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Old 3rd September 1999, 05:40 AM
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PatH
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We're trying to write rules for homoeopathic medical assistants to be allowed to practice homoeopathy in Arizona. Does anyone have quotable standards that we can use as a baseline? We're interested in defining categories of In-training (must have supervising physician in the room); Certified (practice on the same site as the physician, but without homoeopathic supervision; Senior (practice remotely from the supervising physician, without homoeopathic supervision. We are required by our law to have medical supervision for all categories, but not homoeopathic.

Any sources of appropriate standards and hours of studies to match with these categories?

Thanks,

Pat H.
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Old 5th September 1999, 10:46 PM
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Pat, here in Oz, we have the requirement of 4 years of part-time study, with certificate, to become qualified to practice. The student needs 200 hours of supervised clinical experience, before he is let loose on the public. The standards here for study are slack, due to the inexperience of the teachers. If you have practiced for a year, you can teach at any school. I live with a student and he complains about the lack of knowledge of his teachers. He went to a seminar the other day and answered most of the questions, which people with seven years experience could not even answer. So the people conducting the seminar suggested he had at least 10 years experience. When told he was only a student, they asked where he had gotten the knowledge, as his school must be very good. He said he lives with a homoeopath and that explained everything.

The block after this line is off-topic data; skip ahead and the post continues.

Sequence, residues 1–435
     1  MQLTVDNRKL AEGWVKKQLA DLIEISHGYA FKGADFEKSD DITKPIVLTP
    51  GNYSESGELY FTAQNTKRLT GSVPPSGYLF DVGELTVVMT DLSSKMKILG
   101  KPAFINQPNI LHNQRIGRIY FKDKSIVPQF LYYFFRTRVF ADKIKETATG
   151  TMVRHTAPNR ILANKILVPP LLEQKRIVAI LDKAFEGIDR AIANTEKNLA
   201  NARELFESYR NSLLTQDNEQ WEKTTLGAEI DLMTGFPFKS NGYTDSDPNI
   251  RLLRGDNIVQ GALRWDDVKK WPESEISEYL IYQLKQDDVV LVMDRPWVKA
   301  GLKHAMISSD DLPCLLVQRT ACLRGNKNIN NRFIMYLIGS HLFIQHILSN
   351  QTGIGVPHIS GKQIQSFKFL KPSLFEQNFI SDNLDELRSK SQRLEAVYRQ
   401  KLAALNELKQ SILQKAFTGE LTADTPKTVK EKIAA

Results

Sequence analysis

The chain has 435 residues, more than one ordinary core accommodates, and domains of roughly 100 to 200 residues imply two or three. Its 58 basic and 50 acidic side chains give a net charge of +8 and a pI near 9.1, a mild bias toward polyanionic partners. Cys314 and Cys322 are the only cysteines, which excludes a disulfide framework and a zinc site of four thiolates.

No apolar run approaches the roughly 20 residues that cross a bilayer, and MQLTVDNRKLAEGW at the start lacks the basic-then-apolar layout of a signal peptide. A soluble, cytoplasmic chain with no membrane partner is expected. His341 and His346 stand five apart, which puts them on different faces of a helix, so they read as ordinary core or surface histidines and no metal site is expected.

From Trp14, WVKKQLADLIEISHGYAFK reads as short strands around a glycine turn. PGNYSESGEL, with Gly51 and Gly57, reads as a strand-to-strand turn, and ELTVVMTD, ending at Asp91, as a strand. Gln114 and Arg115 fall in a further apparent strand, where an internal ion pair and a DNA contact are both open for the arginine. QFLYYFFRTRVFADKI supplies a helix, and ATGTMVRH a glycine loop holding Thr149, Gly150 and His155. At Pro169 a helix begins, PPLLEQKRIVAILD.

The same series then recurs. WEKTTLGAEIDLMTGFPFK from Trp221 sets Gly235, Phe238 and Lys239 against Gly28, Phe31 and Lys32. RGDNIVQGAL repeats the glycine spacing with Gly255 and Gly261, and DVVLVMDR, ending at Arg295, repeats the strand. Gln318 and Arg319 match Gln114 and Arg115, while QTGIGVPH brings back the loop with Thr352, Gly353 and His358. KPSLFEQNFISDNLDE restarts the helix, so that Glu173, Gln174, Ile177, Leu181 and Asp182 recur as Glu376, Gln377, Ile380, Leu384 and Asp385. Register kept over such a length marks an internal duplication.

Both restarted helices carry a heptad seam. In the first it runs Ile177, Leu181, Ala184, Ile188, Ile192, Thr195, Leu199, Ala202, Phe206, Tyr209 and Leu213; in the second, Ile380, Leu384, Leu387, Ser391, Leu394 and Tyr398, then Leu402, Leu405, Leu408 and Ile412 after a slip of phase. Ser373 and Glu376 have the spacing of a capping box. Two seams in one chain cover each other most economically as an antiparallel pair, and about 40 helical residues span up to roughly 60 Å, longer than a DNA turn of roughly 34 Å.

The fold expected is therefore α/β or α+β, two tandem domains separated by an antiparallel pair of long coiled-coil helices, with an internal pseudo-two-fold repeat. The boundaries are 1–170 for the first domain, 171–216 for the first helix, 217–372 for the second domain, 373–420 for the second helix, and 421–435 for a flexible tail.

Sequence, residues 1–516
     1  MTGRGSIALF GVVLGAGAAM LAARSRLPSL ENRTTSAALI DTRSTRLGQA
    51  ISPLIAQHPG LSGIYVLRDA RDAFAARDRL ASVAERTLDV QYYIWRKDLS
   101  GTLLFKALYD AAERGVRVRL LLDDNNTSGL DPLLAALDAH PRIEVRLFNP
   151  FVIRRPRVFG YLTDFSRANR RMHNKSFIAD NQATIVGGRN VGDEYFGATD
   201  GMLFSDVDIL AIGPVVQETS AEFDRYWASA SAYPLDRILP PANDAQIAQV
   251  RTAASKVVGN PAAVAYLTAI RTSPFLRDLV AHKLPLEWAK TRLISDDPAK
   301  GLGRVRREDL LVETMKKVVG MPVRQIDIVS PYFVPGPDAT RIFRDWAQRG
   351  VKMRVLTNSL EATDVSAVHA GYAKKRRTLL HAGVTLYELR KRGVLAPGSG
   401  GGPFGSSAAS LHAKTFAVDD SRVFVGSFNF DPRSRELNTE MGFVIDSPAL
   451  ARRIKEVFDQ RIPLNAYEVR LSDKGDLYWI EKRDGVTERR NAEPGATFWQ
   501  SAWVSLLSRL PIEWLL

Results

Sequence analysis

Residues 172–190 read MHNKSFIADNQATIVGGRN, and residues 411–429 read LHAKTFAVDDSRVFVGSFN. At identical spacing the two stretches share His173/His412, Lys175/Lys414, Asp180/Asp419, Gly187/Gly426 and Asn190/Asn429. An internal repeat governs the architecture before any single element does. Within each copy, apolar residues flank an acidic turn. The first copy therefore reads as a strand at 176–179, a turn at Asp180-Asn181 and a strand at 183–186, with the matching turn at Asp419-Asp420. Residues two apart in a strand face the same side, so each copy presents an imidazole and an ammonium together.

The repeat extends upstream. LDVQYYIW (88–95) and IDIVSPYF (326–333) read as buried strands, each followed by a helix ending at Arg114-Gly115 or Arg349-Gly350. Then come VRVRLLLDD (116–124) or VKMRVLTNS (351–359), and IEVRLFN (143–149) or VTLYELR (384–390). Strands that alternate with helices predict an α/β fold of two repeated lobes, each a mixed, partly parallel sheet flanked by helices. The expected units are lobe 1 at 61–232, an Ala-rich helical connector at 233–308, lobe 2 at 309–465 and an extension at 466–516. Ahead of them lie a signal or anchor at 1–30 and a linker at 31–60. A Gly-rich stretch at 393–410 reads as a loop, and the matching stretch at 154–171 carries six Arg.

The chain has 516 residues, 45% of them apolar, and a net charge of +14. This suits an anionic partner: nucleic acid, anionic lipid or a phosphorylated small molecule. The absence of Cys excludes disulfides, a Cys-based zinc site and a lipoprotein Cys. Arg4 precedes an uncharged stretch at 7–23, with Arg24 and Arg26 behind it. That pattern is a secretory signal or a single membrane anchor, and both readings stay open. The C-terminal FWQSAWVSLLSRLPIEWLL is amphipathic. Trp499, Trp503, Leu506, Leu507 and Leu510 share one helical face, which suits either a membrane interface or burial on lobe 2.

So regardless what standards are applied, if the education is not too good, like here in Oz, you will need more supervision by a qualified and experienced homoeopath, to enable proper practice standards. Four years of part-time education - or even the full-time of Oz - is insufficient, if the standards of education are not too high. I would subject all candidates to a rigourous examination as to their knowledge - regardless the paper on the wall, saying they are qualified.
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Old 7th September 1999, 07:46 PM
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In Connecticut to be a Homeopathic Physician one must have completed four years of medical school, two years of residency and pass the state test on homeopathy which is based on the classics (Hahnemann, Kent.) Naturopaths can also practice. There seems to be little monitoring and regulation.
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Old 9th September 1999, 04:31 PM
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Ben Rozendal
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Pat, Credits are practice hours, as far as I know. 200 hrs are enough here in one school, while another requires only 30! Thus a week at least, and a month at most are the requirements for opening practice. I like the Conncticut requirements better, but that lack of control is the closed shop mentality we also have here and have adopted from the allopaths. The national standards are that you must keep records, but there is no muscle to enforce proper practice, which is bought off with malpractice insurance. Imagine! you can stuff up in the knowledge that you need not pay for it! what kind of stimulus for proper practice is that!?